A guard and this other guy on the roof were standing by a door that led down to the stairs of an adjacent building. We ran down the stairs until finally we got to safety on the street. People were crowding around the police, firefighters and ambulances. I told the firefighters about the woman that was still up there. They got her out. I think we actually saw her in the hospital. We ended up breathing oxygen and I had a blood test for carbon monoxide poisoning since I had breathed in so much of the smoke in the stairwell. I was fine though. After an hour and a half or so we left the hospital looking like we were coalminers.

I have yet to make sense of all this or what it means for my life. What I do know is that I am very happy to still be around and that I want to make the best of this new lease on life. I could have died without the help of my friends so I will never forget what they did. I also know God answered our prayers and that this experience has forced me to focus more on what is important.”

WE SURVIVED!

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Bjorn Karlman

But It’s So Dangerous! Don’t Let Fear Stop You Traveling.

Less than a week after my family moved to the Philippines in the late 80’s, we were burgled for the first time.  We lived on a campus patrolled by shot gun-wielding guards.  Once one of them fired a warning shot at a would-be robber as he took a metal saw to the bars outside my bedroom (luckily, I was out.)  Within two years of our arrival there was an attempted military coup in the Philippines that I distinctly remember because of the bombs that could be heard in the background of programming on local radio.  Also, my favorite Manila supermarket turned out to be one of the temporary rebel strongholds.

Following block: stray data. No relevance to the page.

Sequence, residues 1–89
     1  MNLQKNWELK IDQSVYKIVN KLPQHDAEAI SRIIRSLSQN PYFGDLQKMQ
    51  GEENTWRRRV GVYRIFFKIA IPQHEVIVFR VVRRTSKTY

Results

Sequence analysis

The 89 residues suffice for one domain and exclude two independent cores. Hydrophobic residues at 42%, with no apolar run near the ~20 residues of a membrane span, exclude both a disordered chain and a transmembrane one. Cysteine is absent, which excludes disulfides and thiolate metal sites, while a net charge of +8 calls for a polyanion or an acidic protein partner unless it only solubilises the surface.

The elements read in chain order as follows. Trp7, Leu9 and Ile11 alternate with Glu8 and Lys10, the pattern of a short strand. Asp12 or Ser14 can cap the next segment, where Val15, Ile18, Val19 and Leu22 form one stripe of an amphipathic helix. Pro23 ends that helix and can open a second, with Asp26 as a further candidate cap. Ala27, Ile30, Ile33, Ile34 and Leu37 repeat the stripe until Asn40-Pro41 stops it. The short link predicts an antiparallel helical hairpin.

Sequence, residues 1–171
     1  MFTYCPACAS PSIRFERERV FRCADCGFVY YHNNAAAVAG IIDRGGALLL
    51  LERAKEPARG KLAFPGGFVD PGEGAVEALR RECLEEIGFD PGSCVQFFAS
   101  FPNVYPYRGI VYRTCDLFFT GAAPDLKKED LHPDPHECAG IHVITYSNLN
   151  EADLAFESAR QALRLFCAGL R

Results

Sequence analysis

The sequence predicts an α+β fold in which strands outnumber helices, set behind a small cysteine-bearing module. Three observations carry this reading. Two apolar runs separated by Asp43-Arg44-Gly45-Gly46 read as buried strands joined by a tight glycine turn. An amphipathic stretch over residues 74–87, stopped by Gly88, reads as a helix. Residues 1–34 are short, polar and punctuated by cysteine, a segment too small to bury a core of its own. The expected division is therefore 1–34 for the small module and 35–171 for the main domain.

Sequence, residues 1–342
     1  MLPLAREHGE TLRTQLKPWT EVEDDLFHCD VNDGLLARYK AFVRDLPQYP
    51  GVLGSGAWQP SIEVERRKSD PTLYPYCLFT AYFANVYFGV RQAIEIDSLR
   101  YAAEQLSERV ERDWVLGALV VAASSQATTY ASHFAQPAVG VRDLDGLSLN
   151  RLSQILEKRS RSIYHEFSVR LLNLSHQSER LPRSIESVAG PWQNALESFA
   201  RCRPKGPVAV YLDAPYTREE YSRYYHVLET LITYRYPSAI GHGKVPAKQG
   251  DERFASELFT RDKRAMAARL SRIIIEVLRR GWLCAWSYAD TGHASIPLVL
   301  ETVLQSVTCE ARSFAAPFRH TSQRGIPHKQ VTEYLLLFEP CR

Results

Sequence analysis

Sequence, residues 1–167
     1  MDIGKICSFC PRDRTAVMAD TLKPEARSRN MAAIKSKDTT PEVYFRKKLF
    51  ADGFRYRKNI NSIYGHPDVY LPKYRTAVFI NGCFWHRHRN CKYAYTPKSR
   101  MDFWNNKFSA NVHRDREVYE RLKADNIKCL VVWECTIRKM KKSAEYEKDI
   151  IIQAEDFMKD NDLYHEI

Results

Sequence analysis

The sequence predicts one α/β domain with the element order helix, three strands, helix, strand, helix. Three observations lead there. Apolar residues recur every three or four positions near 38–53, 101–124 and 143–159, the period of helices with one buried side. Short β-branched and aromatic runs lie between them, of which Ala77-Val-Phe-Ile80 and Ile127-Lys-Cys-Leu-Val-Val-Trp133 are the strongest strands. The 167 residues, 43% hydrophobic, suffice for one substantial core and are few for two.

Shortly after we moved houses, the father of the family that moved into our old house was tortured, shot and buried in the sugar cane fields that stretched for miles behind my house.  Reports of murders and kidnappings were not rare.  As a kid I was not allowed to tell my grandmother some of the stories from the Philippines because they would freak her out too much.

Having said all this, I would not trade these growing up experiences for anything and I would fully recommend travel to the Philippines.  Does that make me a reckless adrenaline junky?  Am I ignoring lessons that my earlier experiences should have taught me?  I don’t think so  Here’s my list of reasons not to let “dangerous” travel conditions put your off world travel:

Trouble spots are usually easily avoided
Just like any major American city, there are parts that are safe and parts that you avoid.  Guide books, locals and some basic street smarts will help you dodge the problem areas and enjoy the majority of the country.  Chances are that, with the exception of particularly war-torn countries, you’ll be about as safe overseas as you’d been staying at home.  You’ll find that reality is rarely as bad as the rumors you’ve heard.  Which brings me on to the next point…

Media hype
The media thrives off of sensationalizing any story.  The pictures, statistics and quotes of overall despair sell newspapers and the public eats it up.  So often, dangers are blown out of proportion.  A riot, skirmish or other security risk will happen in a specific area and the media will portray the whole country as being under siege.  And it goes both ways.  I have European friends who are afraid to come to the US because they know people carry guns and we have school shootings .  Based on hearsay and media hype, they’ve convinced themselves that they are in danger of being shot while visiting the US.

Local friends
I’ve been able to navigate many potential problems just by having local friends.  Locals will often appreciate your friendly overtures and will take special care of you.  They typically want to make sure you have the best experience possible while visiting their country so they will tell you what to say or not to say, how to travel and how to conduct yourself

Use the resources available to you in order to plan effectively
Some useful sites to check out for travel advice and warnings are:

U.S. Department of State International Travel Information

UK Foreign & Commonwealth Office Travel Advice by Country

The cost of NOT traveling outweighs the risks involved

The greatest risk of loss associated with travel is not taking the trip.  Outside extreme case scenarios, you are generally better off taking a trip and growing from the experience of adventure, exposure to new cultures and exploring a new way of life than you are staying at home and trembling at the thought of something different.  So go ahead, be adventurous.  Be smart in your travel but also learn that you are far better off taking risks and experiencing the world than you are staying put.

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Bjorn Karlman